Midwest POS Vendor: “In your newsletter, you wrote, 'Me, I'm a big believer in choice, and that the customers should dictate exactly how they shop your stores.' This assumes that the retailer will continue to provide full-service checkouts for those of us who prefer the personal touch at the end of our shopping experience. In my rural market, I have found that those retailers who have experimented with self-checkouts reduce their support for the alternative to encourage shoppers to 'do it yourself.' I have seen lines form at the manned checkouts at a local Walmart as clerks try to coax shoppers to these self-checkouts, and I am sure in your eyes, the lemmings just stand and wait to have a real person process their order.”
Community-based Independent: “Simple explanation about those checkouts that are successful and those that are not: 'It's the Indian, not the arrow.' The only thing that causes success or failure is people, not technology.”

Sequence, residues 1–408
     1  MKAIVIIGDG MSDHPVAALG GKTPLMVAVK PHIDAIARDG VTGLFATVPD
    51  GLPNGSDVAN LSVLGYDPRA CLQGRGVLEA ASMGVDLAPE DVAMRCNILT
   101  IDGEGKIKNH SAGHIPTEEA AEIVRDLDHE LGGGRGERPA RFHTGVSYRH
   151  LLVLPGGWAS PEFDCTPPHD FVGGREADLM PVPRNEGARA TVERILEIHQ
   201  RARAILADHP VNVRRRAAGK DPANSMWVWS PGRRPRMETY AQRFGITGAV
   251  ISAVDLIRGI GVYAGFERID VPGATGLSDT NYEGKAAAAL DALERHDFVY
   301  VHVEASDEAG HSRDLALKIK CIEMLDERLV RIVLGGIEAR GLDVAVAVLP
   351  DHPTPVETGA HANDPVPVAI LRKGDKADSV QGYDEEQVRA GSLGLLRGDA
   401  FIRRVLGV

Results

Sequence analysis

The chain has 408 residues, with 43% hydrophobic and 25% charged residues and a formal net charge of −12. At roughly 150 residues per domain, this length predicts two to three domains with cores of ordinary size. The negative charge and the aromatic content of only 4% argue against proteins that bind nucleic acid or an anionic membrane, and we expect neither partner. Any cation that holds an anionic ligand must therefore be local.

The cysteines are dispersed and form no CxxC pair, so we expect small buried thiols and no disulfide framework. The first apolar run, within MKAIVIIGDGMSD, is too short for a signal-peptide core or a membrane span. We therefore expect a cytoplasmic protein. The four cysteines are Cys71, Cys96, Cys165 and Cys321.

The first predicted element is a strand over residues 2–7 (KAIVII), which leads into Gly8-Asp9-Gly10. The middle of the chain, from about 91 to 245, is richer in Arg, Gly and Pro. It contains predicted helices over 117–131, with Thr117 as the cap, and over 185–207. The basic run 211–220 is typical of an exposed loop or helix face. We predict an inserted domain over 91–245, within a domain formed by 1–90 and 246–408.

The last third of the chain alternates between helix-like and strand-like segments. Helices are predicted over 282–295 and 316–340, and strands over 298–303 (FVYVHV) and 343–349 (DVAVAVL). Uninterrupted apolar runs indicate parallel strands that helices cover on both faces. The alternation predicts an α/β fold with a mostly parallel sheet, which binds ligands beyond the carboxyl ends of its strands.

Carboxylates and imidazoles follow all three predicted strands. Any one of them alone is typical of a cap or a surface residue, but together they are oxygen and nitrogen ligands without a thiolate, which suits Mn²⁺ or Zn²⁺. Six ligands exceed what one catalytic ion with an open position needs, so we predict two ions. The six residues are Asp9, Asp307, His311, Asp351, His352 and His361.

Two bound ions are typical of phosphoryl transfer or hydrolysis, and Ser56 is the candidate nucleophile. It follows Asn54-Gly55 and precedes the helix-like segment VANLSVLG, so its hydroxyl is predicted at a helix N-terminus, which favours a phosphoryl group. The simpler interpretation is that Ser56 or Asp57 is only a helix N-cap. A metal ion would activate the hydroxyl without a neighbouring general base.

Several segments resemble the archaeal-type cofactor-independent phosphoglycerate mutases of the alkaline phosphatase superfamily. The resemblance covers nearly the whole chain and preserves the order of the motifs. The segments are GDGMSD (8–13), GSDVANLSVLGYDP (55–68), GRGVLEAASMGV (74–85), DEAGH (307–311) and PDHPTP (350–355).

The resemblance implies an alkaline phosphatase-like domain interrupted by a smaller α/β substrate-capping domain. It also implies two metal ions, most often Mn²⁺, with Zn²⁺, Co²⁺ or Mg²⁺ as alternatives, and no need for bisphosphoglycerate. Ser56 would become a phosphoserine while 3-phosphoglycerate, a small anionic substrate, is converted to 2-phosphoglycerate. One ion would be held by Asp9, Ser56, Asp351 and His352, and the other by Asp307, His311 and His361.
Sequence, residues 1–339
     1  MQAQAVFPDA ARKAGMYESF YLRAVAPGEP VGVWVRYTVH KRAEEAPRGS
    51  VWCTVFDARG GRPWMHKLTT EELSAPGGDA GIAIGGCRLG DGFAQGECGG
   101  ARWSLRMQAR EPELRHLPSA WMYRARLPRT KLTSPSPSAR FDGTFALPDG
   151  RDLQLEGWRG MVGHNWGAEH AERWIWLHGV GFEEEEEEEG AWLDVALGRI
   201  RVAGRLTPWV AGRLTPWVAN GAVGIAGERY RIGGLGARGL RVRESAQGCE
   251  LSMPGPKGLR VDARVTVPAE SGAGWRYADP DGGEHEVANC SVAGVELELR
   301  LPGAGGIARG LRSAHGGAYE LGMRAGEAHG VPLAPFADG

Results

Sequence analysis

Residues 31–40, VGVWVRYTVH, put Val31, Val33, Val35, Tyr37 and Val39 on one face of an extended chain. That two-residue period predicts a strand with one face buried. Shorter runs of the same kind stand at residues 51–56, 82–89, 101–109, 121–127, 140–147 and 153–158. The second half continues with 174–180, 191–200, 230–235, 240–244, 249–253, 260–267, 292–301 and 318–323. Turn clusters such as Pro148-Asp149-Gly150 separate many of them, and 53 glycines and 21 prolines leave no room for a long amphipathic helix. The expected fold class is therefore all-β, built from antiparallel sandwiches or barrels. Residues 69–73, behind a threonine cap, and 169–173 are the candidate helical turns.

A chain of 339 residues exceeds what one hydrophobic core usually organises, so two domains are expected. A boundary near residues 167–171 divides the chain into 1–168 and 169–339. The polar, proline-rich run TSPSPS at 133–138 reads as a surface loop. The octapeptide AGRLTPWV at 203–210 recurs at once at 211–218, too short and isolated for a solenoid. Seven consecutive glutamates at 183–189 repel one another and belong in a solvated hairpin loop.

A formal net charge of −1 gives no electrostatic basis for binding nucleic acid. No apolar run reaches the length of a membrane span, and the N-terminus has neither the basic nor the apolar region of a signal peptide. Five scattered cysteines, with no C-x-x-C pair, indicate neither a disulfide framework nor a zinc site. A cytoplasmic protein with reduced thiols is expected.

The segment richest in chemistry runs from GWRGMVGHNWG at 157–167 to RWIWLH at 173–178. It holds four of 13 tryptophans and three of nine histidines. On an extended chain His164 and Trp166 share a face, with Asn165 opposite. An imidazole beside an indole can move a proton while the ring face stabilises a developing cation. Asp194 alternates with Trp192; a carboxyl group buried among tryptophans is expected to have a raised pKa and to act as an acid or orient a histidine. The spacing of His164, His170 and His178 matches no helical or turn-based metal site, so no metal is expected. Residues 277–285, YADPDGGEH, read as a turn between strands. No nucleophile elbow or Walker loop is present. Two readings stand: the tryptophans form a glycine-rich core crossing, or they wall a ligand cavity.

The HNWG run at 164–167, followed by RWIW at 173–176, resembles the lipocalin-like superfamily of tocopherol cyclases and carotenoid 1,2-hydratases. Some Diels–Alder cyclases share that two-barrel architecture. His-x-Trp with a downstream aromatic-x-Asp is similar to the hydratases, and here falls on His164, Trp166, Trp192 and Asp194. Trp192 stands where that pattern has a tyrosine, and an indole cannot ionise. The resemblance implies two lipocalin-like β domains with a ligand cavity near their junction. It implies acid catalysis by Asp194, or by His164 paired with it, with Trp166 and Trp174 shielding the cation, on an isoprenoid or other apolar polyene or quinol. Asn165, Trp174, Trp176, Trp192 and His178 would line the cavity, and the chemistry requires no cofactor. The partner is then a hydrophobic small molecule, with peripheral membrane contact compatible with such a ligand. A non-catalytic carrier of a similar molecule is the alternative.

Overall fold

Midwest Wholesaler: “I work for [a wholesaler] and purchase equipment for independent retailers. We have several owners that have had great success with self-checkouts. Typically, this has been for the larger-size stores and is considered an extra service to the customer, and not a replacement.
“I have to question why Albertsons is committed to removing lanes as a way to say they are going to provide better service, or because of maintenance cost on keeping all lanes in operation. There is not much that goes wrong with a standard checkout, belts, scanner, etc.
“Lately, I have had a few of my smaller-store owners consider selfcheckouts, but they typically back out because of upfront cost. Again, it's an addition to store operations, and not a replacement.
“A good example of bad service with self-checkouts is going to Home Depot, and they have regular checkouts and self-checkouts, but they only have self-checkouts running, forcing customers to have no options.”
POS Technology Vendor: